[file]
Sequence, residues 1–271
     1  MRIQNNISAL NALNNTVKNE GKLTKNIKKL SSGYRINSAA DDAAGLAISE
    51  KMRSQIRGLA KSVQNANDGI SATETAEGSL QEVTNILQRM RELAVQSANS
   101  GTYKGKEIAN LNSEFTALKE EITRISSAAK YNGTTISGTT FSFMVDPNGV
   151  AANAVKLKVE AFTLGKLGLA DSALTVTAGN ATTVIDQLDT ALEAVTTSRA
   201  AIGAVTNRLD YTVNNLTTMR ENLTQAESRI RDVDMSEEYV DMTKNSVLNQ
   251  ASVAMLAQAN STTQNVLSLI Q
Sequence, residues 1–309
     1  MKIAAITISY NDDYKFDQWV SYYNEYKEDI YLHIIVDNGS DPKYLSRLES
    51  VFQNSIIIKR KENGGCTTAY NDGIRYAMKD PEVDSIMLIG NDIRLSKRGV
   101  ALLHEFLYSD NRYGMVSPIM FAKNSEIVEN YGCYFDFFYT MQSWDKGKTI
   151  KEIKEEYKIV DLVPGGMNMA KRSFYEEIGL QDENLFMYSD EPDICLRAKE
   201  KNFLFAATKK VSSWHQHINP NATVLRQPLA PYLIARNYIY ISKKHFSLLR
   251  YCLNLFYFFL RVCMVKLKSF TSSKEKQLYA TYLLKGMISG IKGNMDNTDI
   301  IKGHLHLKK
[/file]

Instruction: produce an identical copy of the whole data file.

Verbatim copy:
Sequence, residues 1–271
     1  MRIQNNISAL NALNNTVKNE GKLTKNIKKL SSGYRINSAA DDAAGLAISE
    51  KMRSQIRGLA KSVQNANDGI SATETAEGSL QEVTNILQRM RELAVQSANS
   101  GTYKGKEIAN LNSEFTALKE EITRISSAAK YNGTTISGTT FSFMVDPNGV
   151  AANAVKLKVE AFTLGKLGLA DSALTVTAGN ATTVIDQLDT ALEAVTTSRA
   201  AIGAVTNRLD YTVNNLTTMR ENLTQAESRI RDVDMSEEYV DMTKNSVLNQ
   251  ASVAMLAQAN STTQNVLSLI Q
Sequence, residues 1–309
     1  MKIAAITISY NDDYKFDQWV SYYNEYKEDI YLHIIVDNGS DPKYLSRLES
    51  VFQNSIIIKR KENGGCTTAY NDGIRYAMKD PEVDSIMLIG NDIRLSKRGV
   101  ALLHEFLYSD NRYGMVSPIM FAKNSEIVEN YGCYFDFFYT MQSWDKGKTI
   151  KEIKEEYKIV DLVPGGMNMA KRSFYEEIGL QDENLFMYSD EPDICLRAKE
   201  KNFLFAATKK VSSWHQHINP NATVLRQPLA PYLIARNYIY ISKKHFSLLR
   251  YCLNLFYFFL RVCMVKLKSF TSSKEKQLYA TYLLKGMISG IKGNMDNTDI
   301  IKGHLHLKK